Suitable conventional methods of liposome preparation include, but are not limited to, those disclosed by Bangham, A. D. et al. J Mol Biol (1965) 23:238-252, Olson, F. et al. Biochim Biophys Acta (1979) 557:9-23, Szoka, F. et al. Proc Natl Acad Sci USA (1978) 75:4194-4198, Mayhew, E. et al. Biochim Biophys (1984) 775:169175, Kim, S. et al. Biochim Biophys Acta (1983) 728:339:348, and Mayer, et al. Biochim Biophys Acta (1986) 858:161-168.
The liposomes may be made from the present compounds in combination with any of the conventional synthetic or natural phospholipid liposome materials including phospholipids from natural sources such as egg, plant or animal sources such as phosphatidylcholine, phosphatidylethanolamine, phosphatidylglycerol, sphingomyelin, phosphatidylserine, or phosphatidylinositol. Synthetic phospholipids that may also be used, include, but are not limited to: dimyristoylphosphatidylcholine, dioleoylphosphatidylcholine, dipalmitoylphosphatidylcholine and distearoylphosphatidycholine, and the corresponding synthetic phosphatidylethanolamines and phosphatidylglycerols. Cholesterol or other sterols, cholesterol hemisuccinate, glycolipids, cerebrosides, fatty acids, gangliosides, sphingolipids, 1,2-bis(oleoyloxy)-3-(trimethyl ammonio) propane (DOTAP), N- 1-(2,3-dioleoyl) propyl-N,N,N-trimethylammonium chloride (DOTMA), and other cationic lipids may be incorporated into the liposomes, as is known to those skilled in the art. The relative amounts of phospholipid and additives used in the liposomes may be varied if desired. The preferred ranges are from about 60 to 90 mole percent of the phospholipid; cholesterol, cholesterol hemisuccinate, fatty acids or cationic lipids may be used in amounts ranging from 0 to 50 mole percent. The amounts of the present compounds incorporated into the lipid layer of liposomes can be varied with the concentration of their lipids ranging from about 0.01 to about 50 mole percent.
Using conventional methods, approximately 20 to 30% of the compound present in solution can be entrapped in liposomes; thus, approximately 70 to 80% of the active compound is wasted. In contrast, where the compound is incorporated into liposomes, virtually all of the compound is incorporated into the liposome, and essentially none of the active compound is wasted.
The liposomes with the above formulations may be made still more specific for their intended targets with the incorporation of monoclonal antibodies or other ligands specific for a target. For example, monoclonal antibodies to the BMP receptor may be incorporated into the liposome by linkage to phosphatidylethanolamine (PE) incorporated into the liposome by the method of Leserman, L. et al. Nature (1980) 288:602-604.
Veterinary uses of the disclosed compounds are also contemplated. Such uses would include limitation or treatment of bone or cartilage deficits or defects in domestic animals, livestock and thoroughbred horses. The compounds described herein can also modify a target tissue or organ environment, so as to attract bone-forming cells to an environment in need of such cells.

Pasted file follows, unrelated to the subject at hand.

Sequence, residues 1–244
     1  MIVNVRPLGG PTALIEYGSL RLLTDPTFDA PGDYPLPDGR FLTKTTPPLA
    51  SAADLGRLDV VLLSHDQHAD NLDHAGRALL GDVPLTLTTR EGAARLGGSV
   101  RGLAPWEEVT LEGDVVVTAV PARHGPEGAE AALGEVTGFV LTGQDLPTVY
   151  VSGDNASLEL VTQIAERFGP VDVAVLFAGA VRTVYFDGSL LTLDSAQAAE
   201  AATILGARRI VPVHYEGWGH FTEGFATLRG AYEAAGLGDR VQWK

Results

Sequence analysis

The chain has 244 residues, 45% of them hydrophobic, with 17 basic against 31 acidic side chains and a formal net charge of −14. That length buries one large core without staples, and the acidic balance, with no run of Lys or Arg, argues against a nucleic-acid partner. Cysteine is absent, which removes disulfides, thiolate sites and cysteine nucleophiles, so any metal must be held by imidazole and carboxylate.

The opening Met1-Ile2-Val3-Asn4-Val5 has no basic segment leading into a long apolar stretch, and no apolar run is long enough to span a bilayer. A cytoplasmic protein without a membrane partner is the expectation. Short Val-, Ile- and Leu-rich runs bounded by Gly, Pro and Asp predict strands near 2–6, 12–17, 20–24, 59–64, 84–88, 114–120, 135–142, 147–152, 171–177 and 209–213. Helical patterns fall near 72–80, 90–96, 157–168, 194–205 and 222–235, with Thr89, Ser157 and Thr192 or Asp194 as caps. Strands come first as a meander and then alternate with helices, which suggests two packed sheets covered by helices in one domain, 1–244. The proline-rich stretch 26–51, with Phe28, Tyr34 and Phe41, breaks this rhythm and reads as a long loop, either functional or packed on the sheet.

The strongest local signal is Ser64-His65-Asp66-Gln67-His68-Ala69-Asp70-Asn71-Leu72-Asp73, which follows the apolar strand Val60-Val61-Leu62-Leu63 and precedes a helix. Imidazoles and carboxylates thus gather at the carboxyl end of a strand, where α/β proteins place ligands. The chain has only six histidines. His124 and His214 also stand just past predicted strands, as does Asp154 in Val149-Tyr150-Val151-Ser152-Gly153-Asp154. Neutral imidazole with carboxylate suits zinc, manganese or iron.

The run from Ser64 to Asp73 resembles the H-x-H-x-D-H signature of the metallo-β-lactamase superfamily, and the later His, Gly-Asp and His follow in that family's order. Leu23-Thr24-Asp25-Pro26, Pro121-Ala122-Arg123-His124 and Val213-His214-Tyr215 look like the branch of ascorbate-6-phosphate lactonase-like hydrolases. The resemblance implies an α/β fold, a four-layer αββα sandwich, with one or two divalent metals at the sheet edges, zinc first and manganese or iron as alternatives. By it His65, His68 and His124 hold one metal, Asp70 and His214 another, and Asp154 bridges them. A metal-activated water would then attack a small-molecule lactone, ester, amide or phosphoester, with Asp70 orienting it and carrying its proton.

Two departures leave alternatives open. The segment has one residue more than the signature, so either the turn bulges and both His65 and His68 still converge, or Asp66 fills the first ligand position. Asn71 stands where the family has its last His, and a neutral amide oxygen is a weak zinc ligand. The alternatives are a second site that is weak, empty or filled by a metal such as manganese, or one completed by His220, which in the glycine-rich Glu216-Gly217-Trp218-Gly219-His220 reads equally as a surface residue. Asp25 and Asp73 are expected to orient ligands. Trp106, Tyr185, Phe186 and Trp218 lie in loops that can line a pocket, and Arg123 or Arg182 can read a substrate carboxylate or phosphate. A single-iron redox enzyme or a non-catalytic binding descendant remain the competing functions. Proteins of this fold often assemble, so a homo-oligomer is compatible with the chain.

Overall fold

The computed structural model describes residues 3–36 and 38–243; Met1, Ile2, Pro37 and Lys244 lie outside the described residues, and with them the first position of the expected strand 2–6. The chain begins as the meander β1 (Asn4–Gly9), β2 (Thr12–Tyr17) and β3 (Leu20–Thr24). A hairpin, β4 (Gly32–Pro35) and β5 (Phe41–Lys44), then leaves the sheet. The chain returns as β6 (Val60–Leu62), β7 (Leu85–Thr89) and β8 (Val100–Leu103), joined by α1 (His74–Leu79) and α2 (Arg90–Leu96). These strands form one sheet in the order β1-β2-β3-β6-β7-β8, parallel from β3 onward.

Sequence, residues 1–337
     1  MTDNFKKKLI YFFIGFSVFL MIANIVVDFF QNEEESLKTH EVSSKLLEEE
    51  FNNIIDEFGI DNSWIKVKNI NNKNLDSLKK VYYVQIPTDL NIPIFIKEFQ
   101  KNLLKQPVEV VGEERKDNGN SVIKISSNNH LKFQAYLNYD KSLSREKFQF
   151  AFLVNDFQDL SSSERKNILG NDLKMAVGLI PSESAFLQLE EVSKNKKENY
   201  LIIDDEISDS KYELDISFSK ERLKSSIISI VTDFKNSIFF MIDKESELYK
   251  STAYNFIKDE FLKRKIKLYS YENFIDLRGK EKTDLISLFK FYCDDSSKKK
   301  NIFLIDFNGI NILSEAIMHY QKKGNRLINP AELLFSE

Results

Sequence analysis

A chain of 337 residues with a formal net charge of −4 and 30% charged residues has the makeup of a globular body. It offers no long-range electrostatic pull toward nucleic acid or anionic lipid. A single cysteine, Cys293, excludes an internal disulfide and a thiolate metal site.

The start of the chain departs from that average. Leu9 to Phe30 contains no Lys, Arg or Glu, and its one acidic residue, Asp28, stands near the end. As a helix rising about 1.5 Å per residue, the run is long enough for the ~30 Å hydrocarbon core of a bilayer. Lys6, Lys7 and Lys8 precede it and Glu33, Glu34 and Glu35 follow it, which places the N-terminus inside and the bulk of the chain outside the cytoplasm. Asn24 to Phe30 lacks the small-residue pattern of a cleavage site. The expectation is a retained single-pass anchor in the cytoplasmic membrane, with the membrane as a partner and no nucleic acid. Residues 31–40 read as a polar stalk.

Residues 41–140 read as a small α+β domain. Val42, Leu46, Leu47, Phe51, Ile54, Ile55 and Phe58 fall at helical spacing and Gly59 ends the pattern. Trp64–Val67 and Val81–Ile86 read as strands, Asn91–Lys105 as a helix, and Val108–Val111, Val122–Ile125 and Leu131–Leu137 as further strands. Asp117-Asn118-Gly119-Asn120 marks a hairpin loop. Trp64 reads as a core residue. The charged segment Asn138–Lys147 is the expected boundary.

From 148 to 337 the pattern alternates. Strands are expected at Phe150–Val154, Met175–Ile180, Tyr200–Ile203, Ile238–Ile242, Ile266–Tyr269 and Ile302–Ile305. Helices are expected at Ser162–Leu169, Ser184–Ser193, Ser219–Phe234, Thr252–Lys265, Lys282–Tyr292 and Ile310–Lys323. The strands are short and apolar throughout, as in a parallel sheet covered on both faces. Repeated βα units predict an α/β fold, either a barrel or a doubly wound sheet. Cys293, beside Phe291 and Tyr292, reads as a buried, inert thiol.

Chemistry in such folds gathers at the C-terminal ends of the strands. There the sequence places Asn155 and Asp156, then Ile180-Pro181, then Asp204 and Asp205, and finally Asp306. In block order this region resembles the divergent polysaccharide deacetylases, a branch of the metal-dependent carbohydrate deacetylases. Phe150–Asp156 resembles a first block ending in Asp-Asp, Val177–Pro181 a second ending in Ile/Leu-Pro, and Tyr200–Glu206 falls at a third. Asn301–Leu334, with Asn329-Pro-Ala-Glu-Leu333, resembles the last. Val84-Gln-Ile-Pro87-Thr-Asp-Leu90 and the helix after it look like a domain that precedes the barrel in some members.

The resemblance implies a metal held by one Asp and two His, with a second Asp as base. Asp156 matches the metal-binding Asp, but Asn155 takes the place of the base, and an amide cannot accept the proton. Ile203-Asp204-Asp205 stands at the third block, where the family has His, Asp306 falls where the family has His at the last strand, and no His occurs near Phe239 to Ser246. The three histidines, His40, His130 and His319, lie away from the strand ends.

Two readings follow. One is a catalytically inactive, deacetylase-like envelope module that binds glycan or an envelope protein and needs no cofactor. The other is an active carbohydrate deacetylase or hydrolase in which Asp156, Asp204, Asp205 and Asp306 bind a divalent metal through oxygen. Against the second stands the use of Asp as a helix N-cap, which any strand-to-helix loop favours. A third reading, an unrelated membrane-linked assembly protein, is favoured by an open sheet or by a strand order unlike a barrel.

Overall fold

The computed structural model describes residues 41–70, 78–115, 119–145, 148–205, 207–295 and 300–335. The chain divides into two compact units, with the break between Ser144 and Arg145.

The compounds of the present invention may also be used to stimulate growth of bone-forming cells or their precursors, or to induce differentiation of bone-forming cell precursors, either in vitro or ex vivo. As used herein, the term "precursor cell" refers to a cell that is committed to a differentiation pathway, but that generally does not express markers or function as a mature, fully differentiated cell. As used herein, the term "mesenchymal cells" or "mesenchymal stem cells" refers to pluripotent progenitor cells that are capable of dividing many times, and whose progeny will give rise to skeletal tissues, including cartilage, bone, tendon, ligament, marrow stroma and connective tissue (see A. Caplan J. Orthop. Res. (1991) 9:641-50). As used herein, the term "osteogenic cells" includes osteoblasts and osteoblast precursor cells. More particularly, the disclosed compounds are useful for stimulating a cell population containing marrow mesenchymal cells, thereby increasing the number of osteogenic cells in that cell population. In a preferred method, hematopoietic cells are removed from the cell population, either before or after stimulation with the disclosed compounds. Through practice of such methods, osteogenic cells may be expanded. The expanded osteogenic cells can be infused (or reinfused) into a vertebrate subject in need thereof. For instance, a subject's own mesenchymal stem cells can be exposed to compounds of the present invention ex vivo, and the resultant osteogenic cells could be infused or directed to a desired site within the subject, where further proliferation and/or differentiation of the osteogenic cells can occur without immunorejection. Alternatively, the cell population exposed to the disclosed compounds may be immortalized human fetal osteoblastic or osteogenic cells. If such cells are infused or implanted in a vertebrate subject, it may be advantageous to "immunoprotect" these non-self cells, or to immunosuppress (preferably locally) the recipient to enhance transplantation and bone or cartilage repair.